> I think there are pragmatic arguments which favour a language
> change. First, modifying array-using code to instead use
> VolatileXXXArrays is very intrusive. It's not just declarations
> which have to be changed, it's all uses as well. Worse, ...
I'm sympathetic. But all of the syntactic approaches I know of are
almost equally intrusive, and introduce additional language
complexities of the kind that C++ programmers know and hate.
For example, suppose the syntax is
(volatile int) varr = new (volatile int);
I could not send varr to a method expecting an int, at least not
without giving up volatile properties. So I'd need to reparameterize
(and in some cases therefore duplicate, so could apply to both
flavors) methods like:
void reverse(int a);
void reverse((volatile int) va);
Plus rules for casts in both directions. And so on.
The net effect on programmers is just not all that different than the
special-classes proposal. The net effect on the language is a new,
fairly large set of rules that would take a while to iron out and
would prbably meet a lot of resistence.
> Second, there are a several places in the standard APIs where
> arrays are used as lightweight factories. And unless things
> have changed recently, this mechanism is recommended for use in
> GJ to work around the it's lack of support for type-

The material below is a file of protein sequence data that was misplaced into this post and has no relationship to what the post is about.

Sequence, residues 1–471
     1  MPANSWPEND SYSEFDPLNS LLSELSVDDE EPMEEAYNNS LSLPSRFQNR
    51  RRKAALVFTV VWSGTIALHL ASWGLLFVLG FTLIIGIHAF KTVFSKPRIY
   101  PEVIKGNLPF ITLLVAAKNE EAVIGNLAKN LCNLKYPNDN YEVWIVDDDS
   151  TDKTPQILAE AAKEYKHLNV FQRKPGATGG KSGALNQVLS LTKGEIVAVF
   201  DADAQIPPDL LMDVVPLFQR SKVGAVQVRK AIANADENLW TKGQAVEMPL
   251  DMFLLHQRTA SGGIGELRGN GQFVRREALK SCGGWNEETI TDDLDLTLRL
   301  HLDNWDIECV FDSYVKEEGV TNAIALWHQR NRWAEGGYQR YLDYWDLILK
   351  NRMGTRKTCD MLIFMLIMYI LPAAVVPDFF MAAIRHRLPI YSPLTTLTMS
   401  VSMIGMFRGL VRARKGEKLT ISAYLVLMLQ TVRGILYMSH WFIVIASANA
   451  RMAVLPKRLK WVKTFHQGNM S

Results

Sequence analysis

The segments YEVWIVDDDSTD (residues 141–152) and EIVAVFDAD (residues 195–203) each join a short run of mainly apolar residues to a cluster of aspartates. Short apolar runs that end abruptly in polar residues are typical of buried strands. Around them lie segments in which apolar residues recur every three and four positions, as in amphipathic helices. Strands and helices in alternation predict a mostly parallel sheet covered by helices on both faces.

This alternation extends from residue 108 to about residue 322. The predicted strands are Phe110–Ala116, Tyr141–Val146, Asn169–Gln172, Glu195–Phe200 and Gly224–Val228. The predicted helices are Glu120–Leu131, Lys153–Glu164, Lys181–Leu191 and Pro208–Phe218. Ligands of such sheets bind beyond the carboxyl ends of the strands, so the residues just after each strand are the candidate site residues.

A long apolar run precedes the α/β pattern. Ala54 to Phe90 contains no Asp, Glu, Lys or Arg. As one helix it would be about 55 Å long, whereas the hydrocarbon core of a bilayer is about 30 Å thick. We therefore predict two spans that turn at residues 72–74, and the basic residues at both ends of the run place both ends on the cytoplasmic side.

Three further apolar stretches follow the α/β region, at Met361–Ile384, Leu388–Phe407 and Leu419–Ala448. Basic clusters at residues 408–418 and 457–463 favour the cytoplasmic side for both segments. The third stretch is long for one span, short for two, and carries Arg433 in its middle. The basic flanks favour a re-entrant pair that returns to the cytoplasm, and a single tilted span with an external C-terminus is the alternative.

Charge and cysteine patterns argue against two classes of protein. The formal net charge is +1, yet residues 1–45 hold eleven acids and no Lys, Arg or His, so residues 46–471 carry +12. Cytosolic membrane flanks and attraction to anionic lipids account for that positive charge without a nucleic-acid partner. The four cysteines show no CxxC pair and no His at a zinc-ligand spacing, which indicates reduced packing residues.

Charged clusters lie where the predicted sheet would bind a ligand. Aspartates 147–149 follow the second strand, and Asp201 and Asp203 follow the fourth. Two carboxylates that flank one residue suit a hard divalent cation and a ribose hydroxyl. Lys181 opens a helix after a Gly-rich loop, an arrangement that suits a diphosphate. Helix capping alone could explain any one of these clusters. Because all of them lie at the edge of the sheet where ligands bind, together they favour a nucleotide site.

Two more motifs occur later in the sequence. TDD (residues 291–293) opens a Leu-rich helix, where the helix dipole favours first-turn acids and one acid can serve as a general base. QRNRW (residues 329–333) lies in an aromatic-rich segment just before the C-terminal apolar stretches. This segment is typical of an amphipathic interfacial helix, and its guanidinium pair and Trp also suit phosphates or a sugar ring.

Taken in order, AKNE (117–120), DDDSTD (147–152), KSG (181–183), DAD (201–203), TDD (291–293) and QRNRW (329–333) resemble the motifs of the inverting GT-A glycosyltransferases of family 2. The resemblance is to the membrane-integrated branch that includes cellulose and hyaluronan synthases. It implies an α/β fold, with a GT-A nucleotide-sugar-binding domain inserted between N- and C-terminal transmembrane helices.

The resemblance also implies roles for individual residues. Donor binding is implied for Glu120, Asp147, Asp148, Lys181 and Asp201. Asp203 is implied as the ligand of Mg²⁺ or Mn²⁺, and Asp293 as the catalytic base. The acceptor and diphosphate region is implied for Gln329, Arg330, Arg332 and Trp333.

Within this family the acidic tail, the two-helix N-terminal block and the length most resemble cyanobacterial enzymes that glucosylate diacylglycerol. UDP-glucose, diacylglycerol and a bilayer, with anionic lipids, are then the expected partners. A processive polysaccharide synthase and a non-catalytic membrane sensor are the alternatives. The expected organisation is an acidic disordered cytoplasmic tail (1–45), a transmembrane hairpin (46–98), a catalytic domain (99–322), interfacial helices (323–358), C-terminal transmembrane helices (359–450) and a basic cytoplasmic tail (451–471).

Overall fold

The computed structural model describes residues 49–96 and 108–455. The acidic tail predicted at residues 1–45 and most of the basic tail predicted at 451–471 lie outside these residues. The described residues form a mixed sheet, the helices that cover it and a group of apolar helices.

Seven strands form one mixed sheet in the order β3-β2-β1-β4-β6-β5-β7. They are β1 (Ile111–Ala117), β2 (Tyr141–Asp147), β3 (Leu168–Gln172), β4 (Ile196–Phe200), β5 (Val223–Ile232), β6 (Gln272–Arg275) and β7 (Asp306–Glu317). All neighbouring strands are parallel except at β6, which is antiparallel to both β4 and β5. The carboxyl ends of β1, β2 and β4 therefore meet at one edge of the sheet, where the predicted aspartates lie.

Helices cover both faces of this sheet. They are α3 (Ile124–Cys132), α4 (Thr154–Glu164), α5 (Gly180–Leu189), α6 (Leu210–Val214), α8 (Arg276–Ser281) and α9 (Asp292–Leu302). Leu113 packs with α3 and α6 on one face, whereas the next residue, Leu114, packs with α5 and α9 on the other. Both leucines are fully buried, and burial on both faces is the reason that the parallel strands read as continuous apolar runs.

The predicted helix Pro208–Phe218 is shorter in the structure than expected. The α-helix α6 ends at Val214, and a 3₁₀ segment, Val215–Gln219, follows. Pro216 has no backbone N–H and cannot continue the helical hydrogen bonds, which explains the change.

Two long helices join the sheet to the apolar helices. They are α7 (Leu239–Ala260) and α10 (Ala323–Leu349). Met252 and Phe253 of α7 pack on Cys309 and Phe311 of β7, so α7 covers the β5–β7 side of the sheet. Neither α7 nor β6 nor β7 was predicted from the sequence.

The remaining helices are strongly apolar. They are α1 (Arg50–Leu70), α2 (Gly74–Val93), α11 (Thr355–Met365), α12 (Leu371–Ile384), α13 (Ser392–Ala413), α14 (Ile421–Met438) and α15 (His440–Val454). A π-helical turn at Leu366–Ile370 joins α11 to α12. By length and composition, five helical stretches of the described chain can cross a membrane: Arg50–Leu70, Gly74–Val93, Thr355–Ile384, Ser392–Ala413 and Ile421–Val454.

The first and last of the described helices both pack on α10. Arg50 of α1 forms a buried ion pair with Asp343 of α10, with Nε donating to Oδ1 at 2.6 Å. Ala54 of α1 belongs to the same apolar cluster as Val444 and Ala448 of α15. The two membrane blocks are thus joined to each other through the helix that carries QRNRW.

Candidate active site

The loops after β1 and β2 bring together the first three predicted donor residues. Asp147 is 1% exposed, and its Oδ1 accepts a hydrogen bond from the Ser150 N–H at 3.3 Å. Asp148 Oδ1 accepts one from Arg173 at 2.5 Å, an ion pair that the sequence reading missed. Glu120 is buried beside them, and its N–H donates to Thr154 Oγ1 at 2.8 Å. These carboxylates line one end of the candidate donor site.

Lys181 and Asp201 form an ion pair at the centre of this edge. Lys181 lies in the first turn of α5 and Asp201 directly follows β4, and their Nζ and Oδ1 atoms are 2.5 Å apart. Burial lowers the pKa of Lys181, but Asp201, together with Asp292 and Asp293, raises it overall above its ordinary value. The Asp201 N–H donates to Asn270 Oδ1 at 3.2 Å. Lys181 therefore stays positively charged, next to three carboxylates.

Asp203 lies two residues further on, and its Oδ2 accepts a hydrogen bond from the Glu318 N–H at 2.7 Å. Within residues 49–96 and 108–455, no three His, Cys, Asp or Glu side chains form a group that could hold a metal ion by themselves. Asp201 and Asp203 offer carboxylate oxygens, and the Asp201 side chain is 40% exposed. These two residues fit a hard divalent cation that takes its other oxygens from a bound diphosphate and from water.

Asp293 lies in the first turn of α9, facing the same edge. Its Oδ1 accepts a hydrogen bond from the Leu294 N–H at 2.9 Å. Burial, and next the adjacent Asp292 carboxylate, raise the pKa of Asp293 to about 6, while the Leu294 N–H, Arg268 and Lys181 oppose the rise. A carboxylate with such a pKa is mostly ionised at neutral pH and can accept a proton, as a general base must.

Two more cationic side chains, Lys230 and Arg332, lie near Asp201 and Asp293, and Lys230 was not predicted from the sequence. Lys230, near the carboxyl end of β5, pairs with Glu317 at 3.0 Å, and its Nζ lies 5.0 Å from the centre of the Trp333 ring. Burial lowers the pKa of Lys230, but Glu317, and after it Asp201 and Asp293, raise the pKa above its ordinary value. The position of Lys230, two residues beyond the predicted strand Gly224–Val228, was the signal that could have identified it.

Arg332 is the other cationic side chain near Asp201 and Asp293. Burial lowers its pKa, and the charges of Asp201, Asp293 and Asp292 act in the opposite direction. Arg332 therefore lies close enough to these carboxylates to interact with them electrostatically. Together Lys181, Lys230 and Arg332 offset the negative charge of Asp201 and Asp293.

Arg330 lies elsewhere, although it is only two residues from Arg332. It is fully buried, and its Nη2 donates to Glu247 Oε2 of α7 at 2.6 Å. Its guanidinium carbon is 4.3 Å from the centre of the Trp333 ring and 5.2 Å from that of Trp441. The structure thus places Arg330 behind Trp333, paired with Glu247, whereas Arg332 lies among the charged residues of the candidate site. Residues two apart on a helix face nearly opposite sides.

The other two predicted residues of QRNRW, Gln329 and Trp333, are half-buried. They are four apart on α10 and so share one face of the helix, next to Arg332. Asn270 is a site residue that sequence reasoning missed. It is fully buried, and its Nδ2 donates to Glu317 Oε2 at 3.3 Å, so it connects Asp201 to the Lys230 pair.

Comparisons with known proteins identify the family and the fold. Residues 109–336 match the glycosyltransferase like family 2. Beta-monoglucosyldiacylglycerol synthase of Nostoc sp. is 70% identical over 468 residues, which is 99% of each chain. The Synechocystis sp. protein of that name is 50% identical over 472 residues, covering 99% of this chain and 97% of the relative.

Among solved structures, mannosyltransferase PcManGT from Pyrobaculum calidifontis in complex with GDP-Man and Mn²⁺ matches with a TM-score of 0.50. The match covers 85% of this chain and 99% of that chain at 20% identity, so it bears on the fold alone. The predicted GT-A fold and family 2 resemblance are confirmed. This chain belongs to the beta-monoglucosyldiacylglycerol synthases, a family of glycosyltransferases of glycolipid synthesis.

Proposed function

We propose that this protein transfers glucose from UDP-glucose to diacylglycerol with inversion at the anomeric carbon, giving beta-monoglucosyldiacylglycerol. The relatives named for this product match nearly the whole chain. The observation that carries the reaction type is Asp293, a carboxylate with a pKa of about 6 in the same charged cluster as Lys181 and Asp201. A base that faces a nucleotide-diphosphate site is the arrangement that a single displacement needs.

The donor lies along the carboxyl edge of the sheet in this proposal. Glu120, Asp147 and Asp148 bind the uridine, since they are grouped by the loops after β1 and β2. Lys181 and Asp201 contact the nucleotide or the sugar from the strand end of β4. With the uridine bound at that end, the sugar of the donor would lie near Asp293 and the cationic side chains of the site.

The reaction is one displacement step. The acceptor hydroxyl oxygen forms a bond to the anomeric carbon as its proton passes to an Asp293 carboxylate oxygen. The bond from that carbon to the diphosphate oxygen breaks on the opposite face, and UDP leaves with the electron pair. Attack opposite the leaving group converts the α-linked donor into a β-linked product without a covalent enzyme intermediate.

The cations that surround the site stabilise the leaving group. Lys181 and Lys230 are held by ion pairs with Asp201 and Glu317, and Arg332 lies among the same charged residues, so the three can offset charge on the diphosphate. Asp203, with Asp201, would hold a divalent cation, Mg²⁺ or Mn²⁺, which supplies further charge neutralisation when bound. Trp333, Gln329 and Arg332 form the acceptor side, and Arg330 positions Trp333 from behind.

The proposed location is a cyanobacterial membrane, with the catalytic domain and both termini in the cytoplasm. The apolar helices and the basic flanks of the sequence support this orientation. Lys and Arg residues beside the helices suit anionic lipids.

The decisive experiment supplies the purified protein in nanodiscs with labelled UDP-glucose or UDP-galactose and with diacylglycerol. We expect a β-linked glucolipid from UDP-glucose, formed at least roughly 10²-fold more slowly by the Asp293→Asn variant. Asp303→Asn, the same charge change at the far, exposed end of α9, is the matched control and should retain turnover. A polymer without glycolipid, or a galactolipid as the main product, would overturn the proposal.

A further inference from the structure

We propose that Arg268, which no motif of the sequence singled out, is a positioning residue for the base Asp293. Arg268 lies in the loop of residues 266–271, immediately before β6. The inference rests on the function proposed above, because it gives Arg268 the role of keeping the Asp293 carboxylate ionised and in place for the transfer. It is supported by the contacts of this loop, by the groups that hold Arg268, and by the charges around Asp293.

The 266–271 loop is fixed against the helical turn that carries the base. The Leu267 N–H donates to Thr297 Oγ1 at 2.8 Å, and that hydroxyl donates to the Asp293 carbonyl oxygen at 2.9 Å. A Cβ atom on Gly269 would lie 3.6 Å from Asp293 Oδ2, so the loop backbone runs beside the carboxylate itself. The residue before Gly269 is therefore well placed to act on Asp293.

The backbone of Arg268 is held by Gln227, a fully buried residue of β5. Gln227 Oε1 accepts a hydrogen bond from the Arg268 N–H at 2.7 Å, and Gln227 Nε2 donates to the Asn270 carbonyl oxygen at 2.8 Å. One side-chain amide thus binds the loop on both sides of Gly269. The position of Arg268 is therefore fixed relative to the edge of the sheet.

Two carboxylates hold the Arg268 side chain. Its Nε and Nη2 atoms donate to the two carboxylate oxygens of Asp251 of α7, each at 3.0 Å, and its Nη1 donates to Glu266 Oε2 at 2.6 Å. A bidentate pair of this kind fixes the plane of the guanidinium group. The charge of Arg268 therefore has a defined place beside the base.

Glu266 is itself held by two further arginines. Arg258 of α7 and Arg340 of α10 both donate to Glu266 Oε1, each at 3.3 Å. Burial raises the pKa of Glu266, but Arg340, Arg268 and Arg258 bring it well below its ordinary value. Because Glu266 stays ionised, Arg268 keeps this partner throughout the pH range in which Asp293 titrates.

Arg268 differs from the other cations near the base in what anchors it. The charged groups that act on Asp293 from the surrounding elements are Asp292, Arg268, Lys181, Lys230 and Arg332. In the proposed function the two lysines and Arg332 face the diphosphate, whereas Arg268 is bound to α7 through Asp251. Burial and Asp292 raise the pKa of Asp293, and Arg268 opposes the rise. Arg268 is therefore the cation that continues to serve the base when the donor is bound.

> parametrized object creation. If GJ forms the basis of the
> design for parameterized types in a future Java (which seems
> likely) there might be scope for conflicts.
I can't see any such conflicts offhand, but agree that
generics JSR folks ought to sanity-check this.
> Third, many working programmers simply will not believe that
> their compilers will be able to do a good enough job of
> inlining these methods calls. And if they're that worried about
> performance it's quite likely that they're the ones coding
> data-races: ie. the very consituency the VolatileXXXArray
> proposal is aimed at is likely to be the most resistant it.
Yup. This, and the need to revise core classes, are the two
best arguments against it. Still, I think they are outweighed
by other advantages.
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